Morgan Stanley announces breach of customer SSNs through Accellion FTA vulnerability

The company sent a letter to New Hampshire’s Attorney General about the incident.
Written by Jonathan Greig, Contributor

Morgan Stanley has notified New Hampshire Attorney General John Formella that one of it's vendors was attacked through the Accellion FTA vulnerability and that some customer information -- including Social Security numbers -- was accessed. 

In a letter dated July 2, Morgan Stanley said that Guidehouse, a vendor that provides account maintenance services to Morgan Stanley's StockPlan Connect business, informed them on May 20 that it had been hacked. 

The information of some StockPlan Connect participants, including those in New Hampshire, were "obtained by an unauthorized individual." Morgan Stanley said it "regularly" sends a secure file to Guidehouse of existing StockPlan long shareholders scheduled for escheatment and "engages Guidehouse to obtain current contact information for these StockPlan participants prior to the escheatment process commencing."

"Although the files in Guidehouse's possession were encrypted, we have been told by Guidehouse that the unauthorized individual was able to obtain the decryption key during the security incident, due to the Accellion FTA vulnerability," the company said, adding that passwords for financial accounts were not accessed during the breach.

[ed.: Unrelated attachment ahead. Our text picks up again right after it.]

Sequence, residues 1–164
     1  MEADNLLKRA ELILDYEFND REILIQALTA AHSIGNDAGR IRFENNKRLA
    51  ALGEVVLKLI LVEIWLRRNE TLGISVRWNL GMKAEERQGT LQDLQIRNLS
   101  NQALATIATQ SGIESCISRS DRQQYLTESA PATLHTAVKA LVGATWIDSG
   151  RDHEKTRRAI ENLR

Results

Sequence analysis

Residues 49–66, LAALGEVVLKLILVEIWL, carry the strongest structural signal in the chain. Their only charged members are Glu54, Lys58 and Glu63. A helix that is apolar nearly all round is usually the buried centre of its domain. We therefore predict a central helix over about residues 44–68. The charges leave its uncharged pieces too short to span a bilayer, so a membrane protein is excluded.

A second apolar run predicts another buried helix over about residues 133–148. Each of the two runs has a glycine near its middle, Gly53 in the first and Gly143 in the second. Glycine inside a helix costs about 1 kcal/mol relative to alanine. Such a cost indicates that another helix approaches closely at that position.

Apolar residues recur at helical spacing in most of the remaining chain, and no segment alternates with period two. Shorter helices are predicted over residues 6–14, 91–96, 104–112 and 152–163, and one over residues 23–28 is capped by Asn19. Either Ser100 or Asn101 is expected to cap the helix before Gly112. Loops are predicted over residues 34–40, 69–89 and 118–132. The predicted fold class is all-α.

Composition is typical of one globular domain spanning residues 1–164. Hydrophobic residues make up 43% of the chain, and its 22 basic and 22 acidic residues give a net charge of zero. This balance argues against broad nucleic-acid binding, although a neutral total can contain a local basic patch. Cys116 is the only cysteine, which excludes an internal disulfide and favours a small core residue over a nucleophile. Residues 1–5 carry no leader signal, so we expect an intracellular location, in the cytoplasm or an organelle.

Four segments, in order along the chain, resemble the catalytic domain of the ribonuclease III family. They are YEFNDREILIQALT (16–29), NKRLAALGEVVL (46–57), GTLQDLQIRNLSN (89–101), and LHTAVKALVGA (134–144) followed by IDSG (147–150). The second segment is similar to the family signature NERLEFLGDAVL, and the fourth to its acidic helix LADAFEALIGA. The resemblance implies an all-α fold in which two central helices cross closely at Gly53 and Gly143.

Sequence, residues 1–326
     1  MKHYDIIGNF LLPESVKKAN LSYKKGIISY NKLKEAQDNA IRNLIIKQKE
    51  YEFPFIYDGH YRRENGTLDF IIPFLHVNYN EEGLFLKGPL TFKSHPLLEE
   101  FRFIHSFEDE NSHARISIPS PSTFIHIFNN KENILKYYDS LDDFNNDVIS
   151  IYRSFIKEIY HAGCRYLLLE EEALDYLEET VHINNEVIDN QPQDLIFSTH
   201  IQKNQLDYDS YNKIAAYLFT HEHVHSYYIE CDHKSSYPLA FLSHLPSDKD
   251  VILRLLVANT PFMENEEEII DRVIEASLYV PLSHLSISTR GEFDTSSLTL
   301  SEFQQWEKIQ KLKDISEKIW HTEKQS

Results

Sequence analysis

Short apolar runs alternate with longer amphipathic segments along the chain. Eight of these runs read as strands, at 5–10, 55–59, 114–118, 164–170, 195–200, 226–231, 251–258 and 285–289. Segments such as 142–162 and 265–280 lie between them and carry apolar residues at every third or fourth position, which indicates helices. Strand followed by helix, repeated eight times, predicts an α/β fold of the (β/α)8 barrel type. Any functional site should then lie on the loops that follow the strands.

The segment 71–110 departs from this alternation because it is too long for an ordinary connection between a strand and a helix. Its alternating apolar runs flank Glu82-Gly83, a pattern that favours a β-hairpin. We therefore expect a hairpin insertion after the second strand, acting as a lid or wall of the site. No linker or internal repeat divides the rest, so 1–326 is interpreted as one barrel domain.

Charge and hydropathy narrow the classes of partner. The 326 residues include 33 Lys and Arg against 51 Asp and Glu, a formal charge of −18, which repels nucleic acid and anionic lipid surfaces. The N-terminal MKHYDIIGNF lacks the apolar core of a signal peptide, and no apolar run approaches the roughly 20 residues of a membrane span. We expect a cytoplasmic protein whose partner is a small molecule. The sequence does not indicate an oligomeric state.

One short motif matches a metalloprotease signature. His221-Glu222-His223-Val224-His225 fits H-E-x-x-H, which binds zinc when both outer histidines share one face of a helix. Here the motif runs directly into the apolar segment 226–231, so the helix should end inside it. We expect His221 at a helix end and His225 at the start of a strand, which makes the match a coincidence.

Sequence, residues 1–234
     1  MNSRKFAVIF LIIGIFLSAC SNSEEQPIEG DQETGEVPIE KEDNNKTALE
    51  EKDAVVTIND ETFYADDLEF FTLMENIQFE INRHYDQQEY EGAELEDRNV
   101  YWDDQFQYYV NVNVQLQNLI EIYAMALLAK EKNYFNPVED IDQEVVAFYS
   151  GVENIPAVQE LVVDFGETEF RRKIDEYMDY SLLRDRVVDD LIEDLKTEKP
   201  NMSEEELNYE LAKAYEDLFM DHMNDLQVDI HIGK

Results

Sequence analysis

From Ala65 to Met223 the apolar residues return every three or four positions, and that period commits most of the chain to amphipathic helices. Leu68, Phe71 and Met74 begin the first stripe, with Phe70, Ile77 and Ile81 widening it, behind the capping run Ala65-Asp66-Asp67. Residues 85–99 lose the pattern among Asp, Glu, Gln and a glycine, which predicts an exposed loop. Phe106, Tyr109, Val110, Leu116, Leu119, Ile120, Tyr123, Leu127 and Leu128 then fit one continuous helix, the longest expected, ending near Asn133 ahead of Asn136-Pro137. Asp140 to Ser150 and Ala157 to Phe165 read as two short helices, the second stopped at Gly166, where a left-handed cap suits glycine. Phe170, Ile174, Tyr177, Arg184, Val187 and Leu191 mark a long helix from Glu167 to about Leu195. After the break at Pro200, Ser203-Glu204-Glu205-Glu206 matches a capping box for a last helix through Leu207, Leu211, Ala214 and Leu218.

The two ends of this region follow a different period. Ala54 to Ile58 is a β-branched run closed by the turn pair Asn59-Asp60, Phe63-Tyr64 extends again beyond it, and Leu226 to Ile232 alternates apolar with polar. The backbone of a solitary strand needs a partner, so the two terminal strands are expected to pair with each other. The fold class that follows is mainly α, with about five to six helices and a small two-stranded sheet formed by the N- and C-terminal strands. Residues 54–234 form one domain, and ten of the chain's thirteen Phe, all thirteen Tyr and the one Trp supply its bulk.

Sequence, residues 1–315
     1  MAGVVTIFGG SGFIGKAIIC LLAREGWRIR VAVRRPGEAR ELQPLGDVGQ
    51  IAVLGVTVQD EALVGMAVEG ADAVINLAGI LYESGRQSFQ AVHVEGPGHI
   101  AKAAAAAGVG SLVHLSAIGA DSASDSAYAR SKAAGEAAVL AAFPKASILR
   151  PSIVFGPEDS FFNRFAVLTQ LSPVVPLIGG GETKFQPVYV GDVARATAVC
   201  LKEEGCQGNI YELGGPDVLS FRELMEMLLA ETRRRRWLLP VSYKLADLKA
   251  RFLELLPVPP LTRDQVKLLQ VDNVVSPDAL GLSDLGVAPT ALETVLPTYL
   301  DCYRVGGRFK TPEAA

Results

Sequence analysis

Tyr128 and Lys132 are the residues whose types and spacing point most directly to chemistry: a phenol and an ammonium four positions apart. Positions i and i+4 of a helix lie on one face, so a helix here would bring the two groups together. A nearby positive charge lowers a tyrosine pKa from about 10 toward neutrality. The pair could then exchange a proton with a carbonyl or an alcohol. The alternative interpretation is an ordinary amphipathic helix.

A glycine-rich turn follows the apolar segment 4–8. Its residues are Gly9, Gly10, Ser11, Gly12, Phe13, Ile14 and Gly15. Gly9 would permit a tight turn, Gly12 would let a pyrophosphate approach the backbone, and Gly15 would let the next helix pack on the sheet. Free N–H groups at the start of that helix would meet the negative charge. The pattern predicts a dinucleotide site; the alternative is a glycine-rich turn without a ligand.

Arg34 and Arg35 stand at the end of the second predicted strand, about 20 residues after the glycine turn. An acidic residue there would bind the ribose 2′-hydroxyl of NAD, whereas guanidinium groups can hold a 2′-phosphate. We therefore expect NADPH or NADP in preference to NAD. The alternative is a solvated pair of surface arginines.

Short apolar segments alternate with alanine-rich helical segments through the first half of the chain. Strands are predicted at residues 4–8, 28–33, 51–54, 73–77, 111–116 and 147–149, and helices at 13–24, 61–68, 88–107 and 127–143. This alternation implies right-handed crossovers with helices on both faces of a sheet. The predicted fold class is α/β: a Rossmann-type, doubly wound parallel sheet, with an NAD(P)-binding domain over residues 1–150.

"The files obtained from the vendor included the following participant information: name; address (last known address); date of birth; Social Security number (if the participant had one); and corporate company name."

Guidehouse told Morgan Stanley that the attacker gained access to the information in January but that they did not discover the attack until March, waiting another two months to then tell Morgan Stanley. 

Guidehouse defended its actions to Morgan Stanley, claiming the Accellion FTA vulnerability was patched "within 5 days of the patch becoming available" and that they waited until May to notify Morgan Stanley because of the "difficulty in retroactively determining which files were stored in the Accellion FTA appliance when the appliance was vulnerable."

In a statement to ZDNet, a Morgan Stanley spokesperson said the "protection of client data is of the utmost importance and is something we take very seriously."   

"We are in close contact with Guidehouse and are taking steps to mitigate potential risks to clients," the spokesperson said. 

Breach notification letters have already been sent out to those who have been affected by the incident. 

The company said it is providing any victims in New Hampshire with 24 months of free credit monitoring services from Experian and will "arrange to provide codes to our corporate clients or directly to New Hampshire residents as applicable." It did not say whether people in other states were affected. 

The Accellion FTA vulnerability has been used widely by cybercriminals to launch an array of attacks against some of the biggest companies in the world. 

The Clop ransomware group became well-known for attacking companies using old versions of the Accellion FTA file-sharing server like Stanford Medicine and Bombardier. The Reserve Bank of New Zealand, the University of Maryland Baltimore, Washington State Auditor, the University of California and cybersecurity firm Qualys are just a few of the victims attacked by Clop members through the Accellion vulnerability. 

Kroger and Shell have also faced attacks through Accellion FTA vulnerability. Accellion announced the end-of-life for the FTA product in February due to the spate of attacks. 

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